French officials cannot use drones to make sure citizens are following curfew, staying apart, and wearing masks

Davies

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French officials cannot use drones to make sure citizens are following curfew, staying apart, and wearing masks, the nation’s privacy watchdog has said. It’s the third such dressing down for police in eight months

On Thursday the Commission Nationale Informatique & Libertes (CNIL), the agency responsible for personal data protection and guarding personal liberties, slammed France’s Ministry of the Interior for using drone technology to record protests and monitor Covid-19 rulebreakers.

The CNIL told the Interior Ministry, which oversees both the National Police and the Gendarmerie, that there aren’t any laws which allow them to use drone cameras.

The ministry said in a statement it would abide by the CNIL rules. But it’s not the first time French officials have fallen foul of privacy advocates for using drones to spy during coronavirus lockdowns. In May, France’s top administrative court ruled that Paris police using drones was unlawful and broke privacy rules.

The privacy watchdog complained that police didn’t use blurring technology when filming people on the streets or taking part in protests. People could be easily identified in images kept by police, CNIL said, and this broke French data privacy laws. The Interior Ministry said that blurring systems were in place, but CNIL was concerned they could be switched off.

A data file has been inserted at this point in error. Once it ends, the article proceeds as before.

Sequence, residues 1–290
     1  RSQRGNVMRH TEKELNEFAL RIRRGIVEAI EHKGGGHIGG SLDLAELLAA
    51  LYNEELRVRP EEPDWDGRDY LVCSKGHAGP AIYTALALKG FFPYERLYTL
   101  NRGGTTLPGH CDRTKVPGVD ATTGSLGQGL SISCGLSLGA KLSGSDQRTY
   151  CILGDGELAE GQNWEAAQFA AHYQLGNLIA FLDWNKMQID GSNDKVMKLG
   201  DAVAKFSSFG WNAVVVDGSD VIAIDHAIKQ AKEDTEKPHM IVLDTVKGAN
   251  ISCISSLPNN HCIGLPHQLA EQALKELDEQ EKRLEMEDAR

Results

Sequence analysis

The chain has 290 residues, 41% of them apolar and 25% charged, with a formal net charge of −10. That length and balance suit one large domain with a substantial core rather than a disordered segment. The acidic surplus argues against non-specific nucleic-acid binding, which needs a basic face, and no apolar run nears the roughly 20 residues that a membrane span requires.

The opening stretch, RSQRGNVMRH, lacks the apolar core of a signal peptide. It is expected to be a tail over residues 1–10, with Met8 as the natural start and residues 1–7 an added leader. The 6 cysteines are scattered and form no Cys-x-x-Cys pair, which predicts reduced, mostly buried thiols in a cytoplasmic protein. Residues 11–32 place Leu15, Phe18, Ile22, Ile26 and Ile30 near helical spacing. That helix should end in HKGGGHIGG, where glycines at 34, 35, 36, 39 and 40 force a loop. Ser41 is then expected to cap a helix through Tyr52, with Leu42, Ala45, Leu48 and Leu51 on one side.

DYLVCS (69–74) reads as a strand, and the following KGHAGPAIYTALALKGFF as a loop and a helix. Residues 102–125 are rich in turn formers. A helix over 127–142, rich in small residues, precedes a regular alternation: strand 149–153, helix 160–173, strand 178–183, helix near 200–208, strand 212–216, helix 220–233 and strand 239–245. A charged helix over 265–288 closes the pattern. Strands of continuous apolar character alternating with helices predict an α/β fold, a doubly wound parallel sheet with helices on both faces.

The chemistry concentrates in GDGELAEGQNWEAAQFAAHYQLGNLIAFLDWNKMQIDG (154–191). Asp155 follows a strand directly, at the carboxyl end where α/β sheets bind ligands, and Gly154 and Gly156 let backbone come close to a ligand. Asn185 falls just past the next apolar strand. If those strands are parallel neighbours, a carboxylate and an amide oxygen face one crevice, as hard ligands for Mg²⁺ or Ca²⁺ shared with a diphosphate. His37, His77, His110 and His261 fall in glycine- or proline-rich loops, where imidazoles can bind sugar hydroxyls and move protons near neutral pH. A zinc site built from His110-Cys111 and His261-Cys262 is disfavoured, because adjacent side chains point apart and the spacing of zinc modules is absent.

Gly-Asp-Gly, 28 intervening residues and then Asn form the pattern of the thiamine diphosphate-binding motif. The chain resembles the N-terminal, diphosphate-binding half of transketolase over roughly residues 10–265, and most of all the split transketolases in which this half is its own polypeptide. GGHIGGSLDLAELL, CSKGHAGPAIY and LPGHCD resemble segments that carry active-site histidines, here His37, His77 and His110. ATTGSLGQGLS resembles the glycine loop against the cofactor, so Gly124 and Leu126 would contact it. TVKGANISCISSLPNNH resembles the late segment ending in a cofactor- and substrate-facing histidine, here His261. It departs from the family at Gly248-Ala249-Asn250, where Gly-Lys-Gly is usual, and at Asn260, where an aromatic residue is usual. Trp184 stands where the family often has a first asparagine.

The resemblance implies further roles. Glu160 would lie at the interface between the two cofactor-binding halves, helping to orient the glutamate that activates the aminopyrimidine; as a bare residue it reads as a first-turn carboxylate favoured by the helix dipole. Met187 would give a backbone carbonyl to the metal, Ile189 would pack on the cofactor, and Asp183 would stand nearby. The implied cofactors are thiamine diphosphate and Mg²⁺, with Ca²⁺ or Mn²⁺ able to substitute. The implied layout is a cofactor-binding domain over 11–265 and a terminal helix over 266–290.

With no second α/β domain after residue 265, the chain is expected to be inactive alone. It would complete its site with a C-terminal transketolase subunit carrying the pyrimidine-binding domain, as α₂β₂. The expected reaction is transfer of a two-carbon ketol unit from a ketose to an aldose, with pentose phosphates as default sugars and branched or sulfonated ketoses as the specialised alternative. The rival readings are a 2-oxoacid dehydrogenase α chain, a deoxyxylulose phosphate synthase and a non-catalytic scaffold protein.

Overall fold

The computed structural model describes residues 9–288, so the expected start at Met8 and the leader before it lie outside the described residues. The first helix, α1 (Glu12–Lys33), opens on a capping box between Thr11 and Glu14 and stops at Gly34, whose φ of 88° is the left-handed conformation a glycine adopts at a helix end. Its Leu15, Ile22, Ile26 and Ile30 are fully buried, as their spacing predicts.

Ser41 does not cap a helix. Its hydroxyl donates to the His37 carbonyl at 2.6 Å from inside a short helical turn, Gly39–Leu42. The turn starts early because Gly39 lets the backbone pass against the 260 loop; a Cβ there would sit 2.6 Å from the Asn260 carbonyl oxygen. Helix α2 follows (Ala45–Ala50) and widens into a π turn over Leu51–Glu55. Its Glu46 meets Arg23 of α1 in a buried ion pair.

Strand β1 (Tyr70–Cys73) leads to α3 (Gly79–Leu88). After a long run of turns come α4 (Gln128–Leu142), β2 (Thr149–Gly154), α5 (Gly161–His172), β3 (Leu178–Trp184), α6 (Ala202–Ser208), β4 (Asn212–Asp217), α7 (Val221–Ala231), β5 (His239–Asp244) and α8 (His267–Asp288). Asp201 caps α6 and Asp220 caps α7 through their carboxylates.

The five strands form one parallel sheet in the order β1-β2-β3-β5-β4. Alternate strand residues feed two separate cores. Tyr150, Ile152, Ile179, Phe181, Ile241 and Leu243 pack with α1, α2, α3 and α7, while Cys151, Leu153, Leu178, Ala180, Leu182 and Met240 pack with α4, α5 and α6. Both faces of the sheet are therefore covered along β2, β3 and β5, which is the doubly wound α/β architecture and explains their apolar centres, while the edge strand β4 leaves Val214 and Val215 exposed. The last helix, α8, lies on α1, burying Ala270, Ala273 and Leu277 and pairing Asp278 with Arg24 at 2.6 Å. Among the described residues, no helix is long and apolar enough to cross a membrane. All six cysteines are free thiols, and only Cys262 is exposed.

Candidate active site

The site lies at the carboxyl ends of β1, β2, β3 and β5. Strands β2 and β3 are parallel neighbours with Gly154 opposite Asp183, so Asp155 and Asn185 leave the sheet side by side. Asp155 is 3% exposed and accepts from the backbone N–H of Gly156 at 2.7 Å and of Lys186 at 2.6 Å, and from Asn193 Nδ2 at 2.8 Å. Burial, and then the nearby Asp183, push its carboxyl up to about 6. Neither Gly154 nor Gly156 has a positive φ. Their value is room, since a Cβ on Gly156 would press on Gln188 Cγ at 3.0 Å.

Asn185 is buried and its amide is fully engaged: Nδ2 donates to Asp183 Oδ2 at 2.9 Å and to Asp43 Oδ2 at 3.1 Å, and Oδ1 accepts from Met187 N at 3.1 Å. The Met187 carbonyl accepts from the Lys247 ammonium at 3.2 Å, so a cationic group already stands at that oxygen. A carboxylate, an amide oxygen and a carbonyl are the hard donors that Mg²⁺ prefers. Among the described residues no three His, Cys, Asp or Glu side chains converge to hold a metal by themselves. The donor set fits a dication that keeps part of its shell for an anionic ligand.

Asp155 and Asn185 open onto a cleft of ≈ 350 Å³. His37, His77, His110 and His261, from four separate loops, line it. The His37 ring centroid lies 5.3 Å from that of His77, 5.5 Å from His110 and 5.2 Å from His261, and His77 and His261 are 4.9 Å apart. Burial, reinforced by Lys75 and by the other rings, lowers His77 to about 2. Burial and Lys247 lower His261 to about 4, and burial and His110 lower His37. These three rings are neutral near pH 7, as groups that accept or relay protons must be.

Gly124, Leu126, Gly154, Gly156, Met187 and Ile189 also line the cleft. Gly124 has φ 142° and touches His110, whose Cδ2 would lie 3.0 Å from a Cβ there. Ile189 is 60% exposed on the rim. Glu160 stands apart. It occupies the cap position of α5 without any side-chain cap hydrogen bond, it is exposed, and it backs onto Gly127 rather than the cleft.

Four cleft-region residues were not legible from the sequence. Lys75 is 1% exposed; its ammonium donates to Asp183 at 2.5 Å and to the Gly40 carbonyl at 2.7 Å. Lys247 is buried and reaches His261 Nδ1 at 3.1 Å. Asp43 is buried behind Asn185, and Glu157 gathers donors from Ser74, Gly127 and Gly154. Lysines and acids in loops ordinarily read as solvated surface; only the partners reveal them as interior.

And in December, the Council of State ordered the chief of Paris police to stop using drones to video people gathering at protests or on the streets.
A new security law now before the French parliament would give police power to pass video from drones or helicopters to command teams on the ground, and those images could be stored for 30 days or longer for use in police investigations.

The Council of State said, however, that there was serious doubt over how the images would be used.

When it comes to Covid-19, police began using drones to crack down on rulebreakers after French authorities imposed a national lockdown on March 18.

The latest set of lockdown restrictions in France include a curfew in cities and towns between 8pm and 6am, and people are only allowed to leave their homes under strict conditions. There is a €135 fine for breaking the rules.

On the first day of the French lockdown, police issued more than 4,000 fines. Within two weeks, some 350,000 people were fined for breaking the rules.

In one instance in April, a 73-year-old woman with dementia was fined €166 for filling out the wrong date on an official form that had to completed before leaving home.

Some 2.8 million cases of Covid-19 have been reported in France so far, and nearly 70,000 people have died from the virus.

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